Story of the Buddha - Edith Holland




The Kingdom of the Sakyas

The people of India have always been religious; their religion is very real to them, and has a great influence over their lives. The prevailing religion of India is Hinduism, or, as it is often called, Brahminism. This religion has existed, with various changes, since the earliest times of which we have any record. It seems to have had its beginnings in the worship of the powers of Nature, or rather of the beings who were, supposed to control those powers. Thus there was Indra, the god of the air or sky; Rudra, the god of the storm, whose arrows, in the form of lightning, struck down men and beasts. There was a god of fire, of the sun, of the wind, and all these gods or spirits were believed to hear the prayers of men and to accept their sacrifices. In course of time new gods were imagined, or new names were given to the old gods.

By degrees the people of India awoke to the belief in a supreme God, far above these gods of Nature. They gave him the name of Brahma, and believed him to be the creator of the world and of gods and men—the source of life, in whom all beings have their beginning and their end. The Indian people have long believed in what is called the transmigration of souls, which means the rebirth of the soul in another body. Thus they think that when a man dies his soul will enter the body of some other being about to be born into the world. The good or bad actions of a man determine the conditions of his next life—if his deeds have been good, he will be born again to enjoy a happier state, but if evil, he will be born to sorrow and misery, either as a man or an animal.

The Hindus believe that most of the misfortunes we suffer are punishments for sins committed in a former life. They have great sympathy with animals, feeling that they too possess souls like their own, striving to arrive at a state of perfection. But a man must live countless lives before his soul can be perfected and fit for union with Brahma, to whom in the end all life must return, even as the moisture which rises from the sea and falls over the land as rain will find its way into the rivers and so return to the ocean. When the soul has been perfected it will no more be born into the world to suffer the miseries of mortal life, but will attain ever-lasting peace. It is this deliverance, this union with Brahma, which is looked forward to by all devout Hindus.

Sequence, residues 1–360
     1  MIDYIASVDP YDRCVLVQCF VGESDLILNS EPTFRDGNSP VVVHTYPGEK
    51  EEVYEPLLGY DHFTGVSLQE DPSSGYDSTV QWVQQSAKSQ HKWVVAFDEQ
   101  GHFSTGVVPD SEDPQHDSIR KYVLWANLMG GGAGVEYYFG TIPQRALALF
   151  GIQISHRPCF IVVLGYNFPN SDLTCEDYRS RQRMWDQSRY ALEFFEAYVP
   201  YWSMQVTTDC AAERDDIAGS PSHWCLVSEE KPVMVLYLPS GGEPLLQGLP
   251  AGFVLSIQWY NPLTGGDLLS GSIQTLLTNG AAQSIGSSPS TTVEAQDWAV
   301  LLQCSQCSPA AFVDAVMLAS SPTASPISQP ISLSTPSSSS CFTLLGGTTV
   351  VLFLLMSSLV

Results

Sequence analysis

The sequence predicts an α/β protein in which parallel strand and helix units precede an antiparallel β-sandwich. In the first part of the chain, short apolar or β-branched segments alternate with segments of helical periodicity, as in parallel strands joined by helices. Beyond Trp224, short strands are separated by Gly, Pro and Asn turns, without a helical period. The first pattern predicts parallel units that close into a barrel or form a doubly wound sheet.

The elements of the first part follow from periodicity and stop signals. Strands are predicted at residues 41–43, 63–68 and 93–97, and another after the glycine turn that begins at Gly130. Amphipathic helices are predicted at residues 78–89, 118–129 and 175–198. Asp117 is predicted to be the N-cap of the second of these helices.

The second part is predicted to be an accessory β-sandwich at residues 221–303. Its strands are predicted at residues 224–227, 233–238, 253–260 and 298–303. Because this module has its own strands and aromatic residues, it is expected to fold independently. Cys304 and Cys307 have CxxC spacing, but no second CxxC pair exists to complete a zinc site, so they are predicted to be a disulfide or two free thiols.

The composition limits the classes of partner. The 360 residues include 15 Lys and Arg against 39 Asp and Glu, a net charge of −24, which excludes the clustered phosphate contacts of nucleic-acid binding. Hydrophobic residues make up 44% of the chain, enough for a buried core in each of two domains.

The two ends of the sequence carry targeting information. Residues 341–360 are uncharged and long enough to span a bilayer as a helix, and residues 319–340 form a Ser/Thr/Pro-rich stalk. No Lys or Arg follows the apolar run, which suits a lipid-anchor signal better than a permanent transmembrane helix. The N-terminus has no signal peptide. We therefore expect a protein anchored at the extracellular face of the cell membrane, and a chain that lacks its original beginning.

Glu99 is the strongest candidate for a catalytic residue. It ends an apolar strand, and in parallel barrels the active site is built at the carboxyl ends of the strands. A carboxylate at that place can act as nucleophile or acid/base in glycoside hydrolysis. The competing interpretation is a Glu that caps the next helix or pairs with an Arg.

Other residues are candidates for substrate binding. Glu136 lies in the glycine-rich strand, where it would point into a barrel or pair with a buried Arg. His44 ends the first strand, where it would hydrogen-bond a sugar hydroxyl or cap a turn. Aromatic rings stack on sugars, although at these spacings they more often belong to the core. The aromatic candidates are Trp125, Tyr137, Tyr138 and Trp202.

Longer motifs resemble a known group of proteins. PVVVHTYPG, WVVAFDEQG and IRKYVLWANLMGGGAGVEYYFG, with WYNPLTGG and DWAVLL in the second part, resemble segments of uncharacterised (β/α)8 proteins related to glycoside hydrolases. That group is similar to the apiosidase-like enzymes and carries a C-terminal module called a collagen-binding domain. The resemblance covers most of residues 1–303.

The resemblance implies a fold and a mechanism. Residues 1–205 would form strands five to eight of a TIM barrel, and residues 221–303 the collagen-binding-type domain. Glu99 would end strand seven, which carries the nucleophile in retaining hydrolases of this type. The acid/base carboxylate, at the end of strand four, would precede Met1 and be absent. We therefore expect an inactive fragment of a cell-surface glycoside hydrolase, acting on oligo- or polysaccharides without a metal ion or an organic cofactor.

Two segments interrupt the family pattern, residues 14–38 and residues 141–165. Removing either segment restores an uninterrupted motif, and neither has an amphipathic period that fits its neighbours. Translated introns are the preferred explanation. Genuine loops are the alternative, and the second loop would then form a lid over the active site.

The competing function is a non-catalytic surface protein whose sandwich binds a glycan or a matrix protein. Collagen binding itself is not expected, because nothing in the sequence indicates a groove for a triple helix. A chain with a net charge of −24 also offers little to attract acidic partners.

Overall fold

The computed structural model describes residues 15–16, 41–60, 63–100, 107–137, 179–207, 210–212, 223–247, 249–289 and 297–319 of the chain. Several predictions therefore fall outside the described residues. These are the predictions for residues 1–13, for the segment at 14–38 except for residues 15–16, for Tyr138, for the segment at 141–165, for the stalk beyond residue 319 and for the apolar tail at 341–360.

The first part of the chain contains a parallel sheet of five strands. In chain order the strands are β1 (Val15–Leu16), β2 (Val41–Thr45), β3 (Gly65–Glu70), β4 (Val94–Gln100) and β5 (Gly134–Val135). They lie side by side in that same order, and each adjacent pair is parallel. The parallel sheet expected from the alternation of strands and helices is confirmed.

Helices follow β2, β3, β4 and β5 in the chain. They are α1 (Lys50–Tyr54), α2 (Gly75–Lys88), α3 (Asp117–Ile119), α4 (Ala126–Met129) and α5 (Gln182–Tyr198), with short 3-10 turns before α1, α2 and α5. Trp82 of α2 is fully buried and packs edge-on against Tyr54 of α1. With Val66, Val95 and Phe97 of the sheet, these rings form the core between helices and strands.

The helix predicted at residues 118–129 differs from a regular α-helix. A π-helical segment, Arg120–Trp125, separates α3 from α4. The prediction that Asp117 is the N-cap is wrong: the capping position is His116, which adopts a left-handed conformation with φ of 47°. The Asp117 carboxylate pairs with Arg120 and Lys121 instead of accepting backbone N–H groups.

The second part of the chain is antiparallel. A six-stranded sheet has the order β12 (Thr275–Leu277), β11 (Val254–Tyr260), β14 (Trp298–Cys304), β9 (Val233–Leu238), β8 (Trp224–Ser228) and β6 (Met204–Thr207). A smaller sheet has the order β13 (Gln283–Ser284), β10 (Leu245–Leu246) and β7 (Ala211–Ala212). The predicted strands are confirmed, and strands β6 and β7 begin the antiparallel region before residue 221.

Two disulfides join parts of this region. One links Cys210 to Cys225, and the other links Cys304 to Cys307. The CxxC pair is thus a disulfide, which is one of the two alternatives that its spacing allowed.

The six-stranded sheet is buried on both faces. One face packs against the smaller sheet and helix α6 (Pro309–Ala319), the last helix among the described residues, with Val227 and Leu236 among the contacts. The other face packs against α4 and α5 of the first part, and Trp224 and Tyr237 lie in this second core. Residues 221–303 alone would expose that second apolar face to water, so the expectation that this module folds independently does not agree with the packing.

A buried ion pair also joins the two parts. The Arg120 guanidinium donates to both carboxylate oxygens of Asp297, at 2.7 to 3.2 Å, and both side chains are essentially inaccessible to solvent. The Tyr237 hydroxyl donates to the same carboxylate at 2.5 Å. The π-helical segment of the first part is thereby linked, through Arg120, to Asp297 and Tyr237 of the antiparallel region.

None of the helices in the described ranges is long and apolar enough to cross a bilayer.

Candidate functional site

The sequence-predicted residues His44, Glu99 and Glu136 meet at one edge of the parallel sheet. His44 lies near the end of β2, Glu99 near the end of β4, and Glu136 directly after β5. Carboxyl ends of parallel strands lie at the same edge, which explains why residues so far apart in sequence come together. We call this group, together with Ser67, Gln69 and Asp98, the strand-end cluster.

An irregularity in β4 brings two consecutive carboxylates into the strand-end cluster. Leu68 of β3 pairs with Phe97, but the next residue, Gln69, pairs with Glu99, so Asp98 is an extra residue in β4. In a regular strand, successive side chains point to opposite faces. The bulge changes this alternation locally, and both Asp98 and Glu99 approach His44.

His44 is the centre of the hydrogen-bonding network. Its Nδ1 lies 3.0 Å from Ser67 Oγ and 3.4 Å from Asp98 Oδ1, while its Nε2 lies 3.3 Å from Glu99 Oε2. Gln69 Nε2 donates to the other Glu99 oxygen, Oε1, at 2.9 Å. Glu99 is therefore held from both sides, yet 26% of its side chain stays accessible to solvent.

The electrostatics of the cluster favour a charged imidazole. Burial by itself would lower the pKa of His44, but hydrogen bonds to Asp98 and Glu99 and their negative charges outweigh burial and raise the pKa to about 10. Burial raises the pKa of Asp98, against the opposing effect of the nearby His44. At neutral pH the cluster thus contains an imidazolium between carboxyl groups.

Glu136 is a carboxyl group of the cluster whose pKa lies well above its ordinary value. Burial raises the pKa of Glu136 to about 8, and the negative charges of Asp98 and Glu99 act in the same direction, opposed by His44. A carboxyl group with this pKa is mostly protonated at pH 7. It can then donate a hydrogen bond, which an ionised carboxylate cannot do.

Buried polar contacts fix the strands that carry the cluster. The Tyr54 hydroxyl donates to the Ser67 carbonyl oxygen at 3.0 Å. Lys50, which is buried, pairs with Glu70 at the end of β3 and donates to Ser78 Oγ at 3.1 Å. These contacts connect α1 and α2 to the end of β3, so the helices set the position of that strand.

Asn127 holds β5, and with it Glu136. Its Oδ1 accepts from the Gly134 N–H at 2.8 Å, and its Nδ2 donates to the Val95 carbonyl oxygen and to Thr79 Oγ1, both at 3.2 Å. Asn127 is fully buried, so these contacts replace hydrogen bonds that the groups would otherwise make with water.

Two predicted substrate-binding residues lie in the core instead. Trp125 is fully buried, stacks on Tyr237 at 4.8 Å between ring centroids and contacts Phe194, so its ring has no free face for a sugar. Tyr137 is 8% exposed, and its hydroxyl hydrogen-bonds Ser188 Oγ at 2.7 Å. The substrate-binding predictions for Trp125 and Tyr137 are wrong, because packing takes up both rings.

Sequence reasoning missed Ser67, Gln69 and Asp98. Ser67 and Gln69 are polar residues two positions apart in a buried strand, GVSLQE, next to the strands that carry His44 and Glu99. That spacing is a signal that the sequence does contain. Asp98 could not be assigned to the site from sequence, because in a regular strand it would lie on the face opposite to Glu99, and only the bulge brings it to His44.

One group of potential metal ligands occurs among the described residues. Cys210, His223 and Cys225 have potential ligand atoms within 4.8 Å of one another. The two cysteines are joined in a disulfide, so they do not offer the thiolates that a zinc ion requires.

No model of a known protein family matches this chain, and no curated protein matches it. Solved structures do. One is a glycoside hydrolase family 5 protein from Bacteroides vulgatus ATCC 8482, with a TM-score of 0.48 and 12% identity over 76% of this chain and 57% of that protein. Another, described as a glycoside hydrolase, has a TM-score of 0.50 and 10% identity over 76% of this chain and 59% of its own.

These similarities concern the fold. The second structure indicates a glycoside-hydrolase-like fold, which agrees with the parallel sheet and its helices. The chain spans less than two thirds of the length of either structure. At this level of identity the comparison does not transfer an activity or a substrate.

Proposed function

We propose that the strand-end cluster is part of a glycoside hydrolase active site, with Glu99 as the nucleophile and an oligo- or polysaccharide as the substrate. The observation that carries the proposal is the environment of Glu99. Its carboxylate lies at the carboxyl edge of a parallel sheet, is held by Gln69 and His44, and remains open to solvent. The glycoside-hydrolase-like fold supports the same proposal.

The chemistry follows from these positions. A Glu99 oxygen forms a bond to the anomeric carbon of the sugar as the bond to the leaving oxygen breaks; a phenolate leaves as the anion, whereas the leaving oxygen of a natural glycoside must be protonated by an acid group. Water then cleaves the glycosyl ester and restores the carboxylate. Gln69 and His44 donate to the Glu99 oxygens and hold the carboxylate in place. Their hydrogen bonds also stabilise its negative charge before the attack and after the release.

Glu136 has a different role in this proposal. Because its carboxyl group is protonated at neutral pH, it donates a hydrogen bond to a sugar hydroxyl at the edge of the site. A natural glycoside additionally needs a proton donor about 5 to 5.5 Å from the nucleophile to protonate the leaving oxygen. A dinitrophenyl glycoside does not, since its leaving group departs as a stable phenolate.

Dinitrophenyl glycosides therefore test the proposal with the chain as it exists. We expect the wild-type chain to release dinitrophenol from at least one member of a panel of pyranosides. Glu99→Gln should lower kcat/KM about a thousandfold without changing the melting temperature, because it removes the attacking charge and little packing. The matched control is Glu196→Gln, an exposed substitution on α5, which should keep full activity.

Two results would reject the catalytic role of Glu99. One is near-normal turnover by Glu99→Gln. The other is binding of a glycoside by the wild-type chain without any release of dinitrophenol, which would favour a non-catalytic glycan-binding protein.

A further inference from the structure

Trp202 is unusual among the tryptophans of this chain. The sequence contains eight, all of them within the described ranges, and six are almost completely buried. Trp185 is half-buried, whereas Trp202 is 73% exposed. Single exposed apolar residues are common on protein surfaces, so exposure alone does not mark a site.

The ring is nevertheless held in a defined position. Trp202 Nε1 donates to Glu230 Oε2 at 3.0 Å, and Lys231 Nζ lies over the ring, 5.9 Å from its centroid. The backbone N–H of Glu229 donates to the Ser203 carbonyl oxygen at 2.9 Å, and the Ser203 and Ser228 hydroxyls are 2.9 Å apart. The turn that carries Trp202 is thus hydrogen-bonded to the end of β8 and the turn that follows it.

Though the people worshipped many gods, there were from very early times thoughtful men, or philosophers, who believed that all the lesser gods were but symbols of the great creator Brahma. These holy men gave up all worldly occupations and went to live in the great forests where they could be undisturbed, to think of the mysteries of life, death, and the world beyond the grave. They believed that if they subdued their bodies by fasting, their minds would become enlightened, and better able to grasp the great truths they sought to find. The people deeply respected these holy men because of their wisdom and knowledge; even kings bowed down to them, and asked their advice on important matters.

In olden days India was not under one ruler, but was divided into many small states. The rulers of these states were called rajas, or kings, but their kingdoms were sometimes very small. If you look at the map of India, you will better realize where the events I am going to tell you about took place. And first you must find the great river Ganges, for it was in the fertile lands bordering this river on either side that the hero of our story passed many years of his life, and wandered from place to place teaching his doctrines. What is now the province of Oudh was in those days the powerful kingdom of Kosala, and the province of Behar, which lies eastward of Oudh, was once the kingdom of Magadha. You will hear a good deal about these two kingdoms in the course of our story.

Across the northeast corner of Oudh flows the river Rapti; to the east of this river there is a long strip of fertile and well-watered land, where there are many rice-fields, fine forests, and groves of mango and tamarind. In the days of our story this land was an independent little state, not quite so large as Yorkshire. It was bounded on the east by the river Rohini, which flows into the Rapti near the present city of Gorakhpur; to the north rose the dark mountains of Nepal, and beyond these the snowy peaks of the Himalaya. The inhabitants of this land were known as Sakyas, and on the banks of the Rohini stood their capital—Kapilavatthu. Eastern names are always rather hard to remember, and, as this is an important one, which must not be forgotten, I will tell you the story of the founding of the city, and you will then understand the meaning of its name, as well as that of the tribe who possessed this land.